In order to be effective early childhood educators, we need to have a solid understanding of child development. However, this is not as straightforward as it may seem. There are so many theories of child development, and each theory may take a different theoretical approach: maturation, psychodynamic, psychosocial, cognitive, behaviourist, ecological and information processing. And within each of these approaches, there are a number of prominent theorists to choose from.
The good news is that many early childhood education professionals and service providers believe in taking an eclectic approach when it comes to theories and theorists. According to the NSW Department of Community Services, there are valid views contained in each theory of child development, and educators can use parts of a theory “if the context – the child and the situation – seem appropriate.” They go on to state that this is a helpful way of developing our understanding.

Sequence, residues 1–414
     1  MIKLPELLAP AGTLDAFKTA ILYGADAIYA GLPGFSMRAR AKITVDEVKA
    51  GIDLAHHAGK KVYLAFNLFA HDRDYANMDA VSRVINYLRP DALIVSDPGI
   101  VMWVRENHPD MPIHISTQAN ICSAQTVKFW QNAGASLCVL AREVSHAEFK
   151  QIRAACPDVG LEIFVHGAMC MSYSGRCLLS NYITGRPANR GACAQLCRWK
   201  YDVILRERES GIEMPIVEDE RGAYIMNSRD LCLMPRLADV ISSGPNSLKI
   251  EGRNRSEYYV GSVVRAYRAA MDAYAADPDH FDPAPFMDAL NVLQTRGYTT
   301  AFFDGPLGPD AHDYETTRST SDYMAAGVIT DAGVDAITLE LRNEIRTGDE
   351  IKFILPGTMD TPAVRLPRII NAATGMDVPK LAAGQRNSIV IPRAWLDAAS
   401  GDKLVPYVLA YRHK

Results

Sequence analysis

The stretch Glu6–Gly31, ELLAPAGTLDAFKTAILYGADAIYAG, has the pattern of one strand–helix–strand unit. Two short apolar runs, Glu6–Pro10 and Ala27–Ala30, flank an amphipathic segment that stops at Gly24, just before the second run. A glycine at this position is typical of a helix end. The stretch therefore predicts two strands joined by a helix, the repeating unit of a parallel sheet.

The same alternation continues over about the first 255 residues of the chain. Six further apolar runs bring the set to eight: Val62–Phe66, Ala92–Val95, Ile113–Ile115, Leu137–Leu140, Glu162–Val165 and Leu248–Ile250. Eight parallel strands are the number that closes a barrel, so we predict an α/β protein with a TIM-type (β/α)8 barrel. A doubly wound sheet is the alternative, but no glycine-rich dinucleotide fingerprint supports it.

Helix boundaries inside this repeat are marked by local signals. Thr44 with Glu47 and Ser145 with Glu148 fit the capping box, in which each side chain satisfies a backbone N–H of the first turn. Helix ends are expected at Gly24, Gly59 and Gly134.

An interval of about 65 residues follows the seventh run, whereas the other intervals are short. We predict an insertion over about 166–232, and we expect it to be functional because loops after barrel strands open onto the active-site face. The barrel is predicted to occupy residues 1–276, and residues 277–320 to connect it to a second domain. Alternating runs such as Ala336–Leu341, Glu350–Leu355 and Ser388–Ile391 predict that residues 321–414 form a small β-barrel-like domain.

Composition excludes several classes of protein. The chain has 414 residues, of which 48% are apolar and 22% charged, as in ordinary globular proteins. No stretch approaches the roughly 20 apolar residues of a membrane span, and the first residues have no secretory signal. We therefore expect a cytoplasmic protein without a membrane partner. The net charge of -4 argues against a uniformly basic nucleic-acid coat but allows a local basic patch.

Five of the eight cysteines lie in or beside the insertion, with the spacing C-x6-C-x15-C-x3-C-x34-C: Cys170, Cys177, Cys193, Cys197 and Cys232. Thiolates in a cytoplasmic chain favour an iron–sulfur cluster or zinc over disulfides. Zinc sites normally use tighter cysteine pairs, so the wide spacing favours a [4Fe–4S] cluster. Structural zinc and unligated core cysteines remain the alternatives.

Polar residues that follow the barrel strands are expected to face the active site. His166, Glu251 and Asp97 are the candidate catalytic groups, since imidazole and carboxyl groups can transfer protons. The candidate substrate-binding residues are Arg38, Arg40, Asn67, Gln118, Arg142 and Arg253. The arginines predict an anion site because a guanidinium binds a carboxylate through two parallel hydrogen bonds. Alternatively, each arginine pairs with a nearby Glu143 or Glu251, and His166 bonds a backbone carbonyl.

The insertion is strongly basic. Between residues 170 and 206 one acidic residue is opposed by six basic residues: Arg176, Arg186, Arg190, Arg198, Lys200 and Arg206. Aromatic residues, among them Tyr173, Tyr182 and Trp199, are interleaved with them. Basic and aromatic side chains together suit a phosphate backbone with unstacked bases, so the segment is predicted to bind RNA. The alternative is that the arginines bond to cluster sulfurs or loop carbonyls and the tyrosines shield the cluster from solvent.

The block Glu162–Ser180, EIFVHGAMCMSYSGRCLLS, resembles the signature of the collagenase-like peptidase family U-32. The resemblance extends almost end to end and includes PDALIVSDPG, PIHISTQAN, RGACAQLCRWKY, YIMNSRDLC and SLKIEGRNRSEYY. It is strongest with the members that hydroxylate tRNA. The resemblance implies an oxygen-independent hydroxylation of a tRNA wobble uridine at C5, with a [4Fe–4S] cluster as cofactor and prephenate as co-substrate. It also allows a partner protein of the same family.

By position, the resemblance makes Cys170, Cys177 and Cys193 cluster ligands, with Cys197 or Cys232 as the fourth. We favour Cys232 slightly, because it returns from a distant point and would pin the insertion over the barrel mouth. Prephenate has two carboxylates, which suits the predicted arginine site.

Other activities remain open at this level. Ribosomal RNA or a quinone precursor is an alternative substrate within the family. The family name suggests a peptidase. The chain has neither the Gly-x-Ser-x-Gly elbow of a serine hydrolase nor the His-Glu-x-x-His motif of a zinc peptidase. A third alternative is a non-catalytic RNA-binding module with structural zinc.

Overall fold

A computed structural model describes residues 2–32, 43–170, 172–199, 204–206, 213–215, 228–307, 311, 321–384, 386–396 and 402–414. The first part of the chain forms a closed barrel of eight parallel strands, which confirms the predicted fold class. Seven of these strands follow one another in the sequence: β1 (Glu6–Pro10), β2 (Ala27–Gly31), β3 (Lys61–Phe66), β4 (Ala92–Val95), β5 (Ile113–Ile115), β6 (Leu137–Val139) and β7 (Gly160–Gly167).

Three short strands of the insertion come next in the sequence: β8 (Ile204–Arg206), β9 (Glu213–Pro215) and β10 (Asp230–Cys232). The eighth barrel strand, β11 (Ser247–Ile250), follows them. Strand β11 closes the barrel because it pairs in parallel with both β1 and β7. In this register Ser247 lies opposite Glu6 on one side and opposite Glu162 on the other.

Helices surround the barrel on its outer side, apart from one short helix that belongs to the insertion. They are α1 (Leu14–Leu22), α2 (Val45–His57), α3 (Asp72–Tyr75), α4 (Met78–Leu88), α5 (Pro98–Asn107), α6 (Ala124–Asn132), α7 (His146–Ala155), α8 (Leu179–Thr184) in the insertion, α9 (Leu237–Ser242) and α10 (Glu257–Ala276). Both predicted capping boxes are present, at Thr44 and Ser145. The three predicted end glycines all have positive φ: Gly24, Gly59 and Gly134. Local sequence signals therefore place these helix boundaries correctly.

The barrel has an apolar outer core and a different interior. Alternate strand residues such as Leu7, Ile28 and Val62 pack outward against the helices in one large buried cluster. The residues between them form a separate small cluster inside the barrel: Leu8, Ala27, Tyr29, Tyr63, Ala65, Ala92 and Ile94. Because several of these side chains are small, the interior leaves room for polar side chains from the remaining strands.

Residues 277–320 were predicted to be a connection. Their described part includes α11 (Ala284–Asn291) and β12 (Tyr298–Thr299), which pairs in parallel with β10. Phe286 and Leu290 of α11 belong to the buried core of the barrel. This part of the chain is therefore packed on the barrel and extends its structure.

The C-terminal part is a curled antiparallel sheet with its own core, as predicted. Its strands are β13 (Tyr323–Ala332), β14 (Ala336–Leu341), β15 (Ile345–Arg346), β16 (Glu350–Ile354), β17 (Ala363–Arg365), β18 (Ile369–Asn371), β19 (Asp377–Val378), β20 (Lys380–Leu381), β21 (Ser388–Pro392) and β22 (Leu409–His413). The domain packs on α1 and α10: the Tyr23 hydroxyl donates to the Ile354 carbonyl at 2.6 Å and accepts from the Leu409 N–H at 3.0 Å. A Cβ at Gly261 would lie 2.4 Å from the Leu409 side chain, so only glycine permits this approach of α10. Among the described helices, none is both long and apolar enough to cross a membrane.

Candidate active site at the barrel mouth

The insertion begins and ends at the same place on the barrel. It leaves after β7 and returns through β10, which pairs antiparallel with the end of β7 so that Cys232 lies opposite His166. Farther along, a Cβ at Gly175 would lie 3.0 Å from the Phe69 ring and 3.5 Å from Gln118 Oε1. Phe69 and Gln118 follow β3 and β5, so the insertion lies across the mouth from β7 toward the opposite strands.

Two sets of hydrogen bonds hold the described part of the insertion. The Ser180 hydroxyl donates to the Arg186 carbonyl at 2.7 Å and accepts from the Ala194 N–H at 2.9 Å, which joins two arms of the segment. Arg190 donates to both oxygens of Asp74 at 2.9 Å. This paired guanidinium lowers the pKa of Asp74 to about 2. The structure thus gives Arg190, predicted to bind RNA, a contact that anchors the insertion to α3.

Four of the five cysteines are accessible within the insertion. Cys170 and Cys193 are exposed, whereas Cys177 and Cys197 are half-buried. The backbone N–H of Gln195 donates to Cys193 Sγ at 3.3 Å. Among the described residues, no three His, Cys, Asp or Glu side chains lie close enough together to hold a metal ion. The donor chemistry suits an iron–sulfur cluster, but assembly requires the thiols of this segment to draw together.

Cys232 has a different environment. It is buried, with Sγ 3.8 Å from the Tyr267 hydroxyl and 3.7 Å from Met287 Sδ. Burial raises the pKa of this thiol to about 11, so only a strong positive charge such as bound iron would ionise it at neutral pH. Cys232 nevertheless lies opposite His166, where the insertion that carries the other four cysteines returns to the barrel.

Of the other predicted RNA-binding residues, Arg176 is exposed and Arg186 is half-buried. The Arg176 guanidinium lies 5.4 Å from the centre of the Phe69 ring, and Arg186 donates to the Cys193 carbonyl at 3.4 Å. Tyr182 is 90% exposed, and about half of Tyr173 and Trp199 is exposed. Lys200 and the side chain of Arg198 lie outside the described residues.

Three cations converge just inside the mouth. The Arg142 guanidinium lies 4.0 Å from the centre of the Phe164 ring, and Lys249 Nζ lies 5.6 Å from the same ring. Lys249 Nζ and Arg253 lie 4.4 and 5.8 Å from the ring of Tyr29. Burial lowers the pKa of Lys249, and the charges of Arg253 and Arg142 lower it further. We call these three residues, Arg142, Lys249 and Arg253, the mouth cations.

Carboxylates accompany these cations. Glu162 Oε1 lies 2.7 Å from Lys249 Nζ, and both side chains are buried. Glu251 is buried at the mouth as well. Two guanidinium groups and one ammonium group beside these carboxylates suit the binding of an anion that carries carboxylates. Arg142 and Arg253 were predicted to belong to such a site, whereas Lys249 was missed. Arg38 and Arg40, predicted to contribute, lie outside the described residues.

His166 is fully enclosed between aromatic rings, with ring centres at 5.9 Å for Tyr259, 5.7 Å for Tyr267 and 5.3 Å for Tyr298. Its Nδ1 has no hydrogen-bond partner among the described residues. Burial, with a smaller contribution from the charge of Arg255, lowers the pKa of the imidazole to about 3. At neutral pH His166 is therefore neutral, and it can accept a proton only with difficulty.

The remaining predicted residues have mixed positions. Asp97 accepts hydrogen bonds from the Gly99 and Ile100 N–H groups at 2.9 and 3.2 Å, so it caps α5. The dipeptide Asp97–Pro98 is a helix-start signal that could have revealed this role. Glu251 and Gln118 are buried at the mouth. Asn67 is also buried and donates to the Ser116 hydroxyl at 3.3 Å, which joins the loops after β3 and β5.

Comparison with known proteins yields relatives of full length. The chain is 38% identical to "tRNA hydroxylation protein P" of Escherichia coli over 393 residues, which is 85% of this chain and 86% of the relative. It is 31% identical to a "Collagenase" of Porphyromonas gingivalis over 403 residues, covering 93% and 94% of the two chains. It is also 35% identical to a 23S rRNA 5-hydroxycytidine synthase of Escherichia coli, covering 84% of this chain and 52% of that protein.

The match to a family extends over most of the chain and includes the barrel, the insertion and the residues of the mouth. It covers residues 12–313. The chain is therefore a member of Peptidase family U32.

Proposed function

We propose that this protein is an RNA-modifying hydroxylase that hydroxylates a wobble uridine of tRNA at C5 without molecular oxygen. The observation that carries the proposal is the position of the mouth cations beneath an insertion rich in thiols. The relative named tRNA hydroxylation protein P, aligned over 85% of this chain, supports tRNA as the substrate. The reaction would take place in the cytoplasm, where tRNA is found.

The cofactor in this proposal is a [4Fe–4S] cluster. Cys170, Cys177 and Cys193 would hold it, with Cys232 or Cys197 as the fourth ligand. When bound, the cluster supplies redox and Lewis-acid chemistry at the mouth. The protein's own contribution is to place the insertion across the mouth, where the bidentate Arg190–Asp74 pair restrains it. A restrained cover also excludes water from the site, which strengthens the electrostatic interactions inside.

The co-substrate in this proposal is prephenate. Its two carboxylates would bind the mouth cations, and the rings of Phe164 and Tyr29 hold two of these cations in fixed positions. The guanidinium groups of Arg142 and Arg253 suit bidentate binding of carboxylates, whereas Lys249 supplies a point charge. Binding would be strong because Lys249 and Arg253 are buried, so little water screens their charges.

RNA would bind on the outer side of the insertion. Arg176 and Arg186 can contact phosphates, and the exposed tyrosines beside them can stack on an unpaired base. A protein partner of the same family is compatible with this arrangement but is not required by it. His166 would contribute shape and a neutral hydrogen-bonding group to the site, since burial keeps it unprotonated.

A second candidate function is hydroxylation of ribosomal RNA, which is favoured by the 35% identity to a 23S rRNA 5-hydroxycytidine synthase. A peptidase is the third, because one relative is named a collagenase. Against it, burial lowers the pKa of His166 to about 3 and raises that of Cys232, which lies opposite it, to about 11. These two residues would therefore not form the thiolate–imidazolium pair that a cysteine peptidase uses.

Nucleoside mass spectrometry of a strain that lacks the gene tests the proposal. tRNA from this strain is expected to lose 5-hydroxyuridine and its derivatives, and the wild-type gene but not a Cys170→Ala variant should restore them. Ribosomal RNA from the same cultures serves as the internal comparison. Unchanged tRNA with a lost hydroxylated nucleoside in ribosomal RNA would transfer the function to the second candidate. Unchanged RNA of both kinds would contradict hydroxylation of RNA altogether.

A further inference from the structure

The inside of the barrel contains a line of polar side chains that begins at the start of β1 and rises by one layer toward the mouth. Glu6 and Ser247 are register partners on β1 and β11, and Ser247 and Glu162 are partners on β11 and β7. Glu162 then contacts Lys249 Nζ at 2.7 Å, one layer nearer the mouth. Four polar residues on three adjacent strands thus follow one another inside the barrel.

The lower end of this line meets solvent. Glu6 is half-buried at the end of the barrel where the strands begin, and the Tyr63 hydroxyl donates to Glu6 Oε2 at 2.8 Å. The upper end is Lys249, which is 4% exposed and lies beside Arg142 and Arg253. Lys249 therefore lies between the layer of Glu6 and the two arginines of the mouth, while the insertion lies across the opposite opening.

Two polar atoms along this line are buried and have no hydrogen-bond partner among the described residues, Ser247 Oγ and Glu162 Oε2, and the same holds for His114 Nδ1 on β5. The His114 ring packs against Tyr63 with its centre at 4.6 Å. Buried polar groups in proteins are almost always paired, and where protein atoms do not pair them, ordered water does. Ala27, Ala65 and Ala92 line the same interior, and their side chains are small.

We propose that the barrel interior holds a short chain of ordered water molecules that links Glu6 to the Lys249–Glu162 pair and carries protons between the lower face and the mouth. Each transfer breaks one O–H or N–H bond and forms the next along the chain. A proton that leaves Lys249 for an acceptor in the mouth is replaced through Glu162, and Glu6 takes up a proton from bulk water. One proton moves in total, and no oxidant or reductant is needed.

So how can this be done, and documented in an already busy setting? At EarlyWorks we understand that no two settings are exactly the same, so different services are likely to be guided by different philosophies, and drawing on different theories of child development. EarlyWorks allows educators to add theorists, philosophies and outcomes to those already included in the EarlyWorks system (EYLF and My Place, Our Time). So using EarlyWorks, educators can be guided by the philosophy of their service, as they make meaning of their observations of children’s learning and development.